The Legacy of Wildlife Artist James Meger
Over his 30-year-plus painting career, wildlife artist James Meger became synonymous with Pheasants Forever, as his creations were selected as Pheasants Forever Prints of the Year more times – six – than any other. Meger passed away last week after a battle with cancer.
Even at Pheasants Forever’s beginnings, Meger built a connection to “The Habitat Organization.” Pheasants Forever’s first goal was passing the Minnesota Pheasant Habitat Stamp bill. The Pheasant Stamp is required of all Minnesota pheasant hunters ages 18 through 64, and sales generate money for habitat enhancement efforts on both public and private lands in the pheasant range of Minnesota. But the stamp also opened the door for artists to compete to have their work featured, and Meger’s work graced Minnesota’s third such stamp in 1986.
Since 1984, Pheasants Forever has also selected an annual Print of the Year, limited-edition prints that local Pheasants Forever chapters have used to raise funds for their area conservation efforts. Meger has been selected as Pheasants Forever’s Print of the Year artist more times than any other, including:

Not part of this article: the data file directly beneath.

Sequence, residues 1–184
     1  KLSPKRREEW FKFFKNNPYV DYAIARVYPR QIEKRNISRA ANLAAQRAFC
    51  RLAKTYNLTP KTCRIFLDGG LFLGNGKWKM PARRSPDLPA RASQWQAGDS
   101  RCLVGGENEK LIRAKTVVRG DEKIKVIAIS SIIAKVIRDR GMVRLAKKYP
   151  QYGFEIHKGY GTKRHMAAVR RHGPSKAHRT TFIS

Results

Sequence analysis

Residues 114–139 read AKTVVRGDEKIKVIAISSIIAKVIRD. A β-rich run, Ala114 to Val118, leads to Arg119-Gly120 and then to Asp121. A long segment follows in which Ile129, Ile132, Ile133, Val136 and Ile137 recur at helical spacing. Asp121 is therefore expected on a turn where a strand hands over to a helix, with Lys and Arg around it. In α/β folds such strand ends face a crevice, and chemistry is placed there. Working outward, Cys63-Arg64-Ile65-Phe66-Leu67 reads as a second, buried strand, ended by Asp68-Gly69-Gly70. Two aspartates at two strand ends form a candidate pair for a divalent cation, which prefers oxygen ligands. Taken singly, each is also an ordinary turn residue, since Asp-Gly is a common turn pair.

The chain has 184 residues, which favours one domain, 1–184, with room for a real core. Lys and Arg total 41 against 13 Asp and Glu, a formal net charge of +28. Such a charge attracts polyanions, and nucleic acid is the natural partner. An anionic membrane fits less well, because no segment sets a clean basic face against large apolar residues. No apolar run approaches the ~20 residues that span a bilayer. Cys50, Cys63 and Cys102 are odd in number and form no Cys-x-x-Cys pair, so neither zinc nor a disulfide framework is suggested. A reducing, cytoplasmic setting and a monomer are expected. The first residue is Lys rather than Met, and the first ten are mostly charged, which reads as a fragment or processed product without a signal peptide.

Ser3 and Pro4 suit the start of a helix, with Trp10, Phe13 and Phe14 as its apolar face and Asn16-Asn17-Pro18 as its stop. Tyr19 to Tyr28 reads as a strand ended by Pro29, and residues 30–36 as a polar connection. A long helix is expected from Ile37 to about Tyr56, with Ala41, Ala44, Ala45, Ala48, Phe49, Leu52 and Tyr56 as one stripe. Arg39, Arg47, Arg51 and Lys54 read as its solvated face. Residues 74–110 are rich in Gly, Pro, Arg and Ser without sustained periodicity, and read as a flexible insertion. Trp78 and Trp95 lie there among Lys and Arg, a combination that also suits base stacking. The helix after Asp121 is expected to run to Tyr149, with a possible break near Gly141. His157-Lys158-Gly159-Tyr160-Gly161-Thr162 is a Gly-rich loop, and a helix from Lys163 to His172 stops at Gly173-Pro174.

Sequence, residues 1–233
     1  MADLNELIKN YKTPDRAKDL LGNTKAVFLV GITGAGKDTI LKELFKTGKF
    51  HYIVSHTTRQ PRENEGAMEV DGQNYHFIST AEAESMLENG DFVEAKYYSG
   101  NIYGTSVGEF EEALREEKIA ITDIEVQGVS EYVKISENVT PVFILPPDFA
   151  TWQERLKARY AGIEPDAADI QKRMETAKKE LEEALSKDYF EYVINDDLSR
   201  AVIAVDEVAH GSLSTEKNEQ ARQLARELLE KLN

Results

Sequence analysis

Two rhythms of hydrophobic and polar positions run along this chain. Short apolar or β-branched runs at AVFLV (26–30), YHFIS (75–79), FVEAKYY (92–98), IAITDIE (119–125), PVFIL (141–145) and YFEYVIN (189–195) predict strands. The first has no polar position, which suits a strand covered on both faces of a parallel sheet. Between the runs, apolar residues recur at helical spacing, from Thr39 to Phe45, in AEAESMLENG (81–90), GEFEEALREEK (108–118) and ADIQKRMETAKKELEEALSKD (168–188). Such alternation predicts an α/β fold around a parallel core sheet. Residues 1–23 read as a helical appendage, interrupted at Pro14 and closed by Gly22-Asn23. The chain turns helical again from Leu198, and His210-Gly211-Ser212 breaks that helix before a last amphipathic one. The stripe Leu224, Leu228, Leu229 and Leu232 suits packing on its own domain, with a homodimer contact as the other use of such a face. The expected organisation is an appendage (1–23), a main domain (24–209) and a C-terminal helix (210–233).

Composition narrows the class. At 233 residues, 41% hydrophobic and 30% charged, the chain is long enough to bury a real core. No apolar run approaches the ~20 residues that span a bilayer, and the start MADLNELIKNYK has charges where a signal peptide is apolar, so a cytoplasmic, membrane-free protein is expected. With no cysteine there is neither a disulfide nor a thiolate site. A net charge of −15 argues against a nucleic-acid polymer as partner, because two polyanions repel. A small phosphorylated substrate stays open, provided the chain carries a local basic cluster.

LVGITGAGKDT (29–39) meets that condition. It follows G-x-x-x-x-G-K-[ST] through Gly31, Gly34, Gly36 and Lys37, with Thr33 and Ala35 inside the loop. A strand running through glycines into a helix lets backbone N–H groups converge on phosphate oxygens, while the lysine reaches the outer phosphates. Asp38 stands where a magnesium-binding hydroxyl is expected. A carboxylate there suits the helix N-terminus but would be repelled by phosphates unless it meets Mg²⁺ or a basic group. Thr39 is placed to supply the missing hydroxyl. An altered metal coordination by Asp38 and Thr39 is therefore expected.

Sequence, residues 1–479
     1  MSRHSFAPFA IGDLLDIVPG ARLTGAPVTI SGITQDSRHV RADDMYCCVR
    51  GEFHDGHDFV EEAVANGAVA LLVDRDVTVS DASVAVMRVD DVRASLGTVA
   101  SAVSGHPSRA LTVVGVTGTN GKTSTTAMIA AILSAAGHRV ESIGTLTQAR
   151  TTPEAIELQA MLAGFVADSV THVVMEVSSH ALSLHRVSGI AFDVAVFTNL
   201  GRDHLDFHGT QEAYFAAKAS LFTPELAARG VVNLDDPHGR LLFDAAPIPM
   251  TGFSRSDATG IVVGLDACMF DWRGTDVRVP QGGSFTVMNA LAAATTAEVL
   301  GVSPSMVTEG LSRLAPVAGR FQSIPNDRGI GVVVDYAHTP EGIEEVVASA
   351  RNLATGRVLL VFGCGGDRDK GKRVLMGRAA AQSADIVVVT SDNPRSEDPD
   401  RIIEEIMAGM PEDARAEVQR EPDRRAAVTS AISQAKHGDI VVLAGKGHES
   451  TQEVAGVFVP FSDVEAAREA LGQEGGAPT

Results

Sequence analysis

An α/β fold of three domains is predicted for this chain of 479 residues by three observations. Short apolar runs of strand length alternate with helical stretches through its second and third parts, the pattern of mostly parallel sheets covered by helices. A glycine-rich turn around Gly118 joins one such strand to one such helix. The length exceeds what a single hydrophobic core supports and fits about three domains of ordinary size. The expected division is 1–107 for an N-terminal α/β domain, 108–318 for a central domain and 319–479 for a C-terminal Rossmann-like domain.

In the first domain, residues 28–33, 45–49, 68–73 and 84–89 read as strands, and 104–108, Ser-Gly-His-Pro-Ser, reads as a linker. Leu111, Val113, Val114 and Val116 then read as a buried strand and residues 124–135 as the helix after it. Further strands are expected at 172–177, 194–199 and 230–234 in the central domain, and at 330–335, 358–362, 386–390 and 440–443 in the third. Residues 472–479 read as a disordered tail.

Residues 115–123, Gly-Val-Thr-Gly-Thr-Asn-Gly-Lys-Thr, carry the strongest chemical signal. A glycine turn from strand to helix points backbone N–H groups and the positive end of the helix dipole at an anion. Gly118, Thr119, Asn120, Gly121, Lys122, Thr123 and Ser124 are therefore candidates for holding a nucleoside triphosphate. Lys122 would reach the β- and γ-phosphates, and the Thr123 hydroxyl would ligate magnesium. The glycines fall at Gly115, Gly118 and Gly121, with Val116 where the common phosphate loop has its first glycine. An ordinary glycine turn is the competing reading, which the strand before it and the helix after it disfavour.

1997-98 Thanks Be Given
1999-2000 The Pumpkin Patch
2000-2001 Pony Express
2001-2002 Storm Break
2003-2004 Forever Pheasants
These prints raised hundreds of thousands of dollars, and not just in Minnesota. While best known in his native state – Meger was from Lyon County in southwest Minnesota’s pheasant country – his signature style separated him in an era rich with talented wildlife artists, and distinguished him at Pheasants Forever banquets from Indiana to Idaho.
“James Meger’s artwork was, without question, the most popular among our members,” says Ben Streitz, Pheasants Forever’s Director of Special Markets who worked with Meger in organizing print fundraising efforts since 1996, “He was the master of painting the modern farmstead with family, habitat and pheasants. His trademark was to hide all types of critters inside his paintings. People would just love looking for all the hidden animals. At a Pheasants Forever banquet you just had to look at the where the prints were lined up; there would always be a crowd surrounding his work.”
Messages for the Meger family can be left at www.caringbridge.org/visit/jamesmeger.
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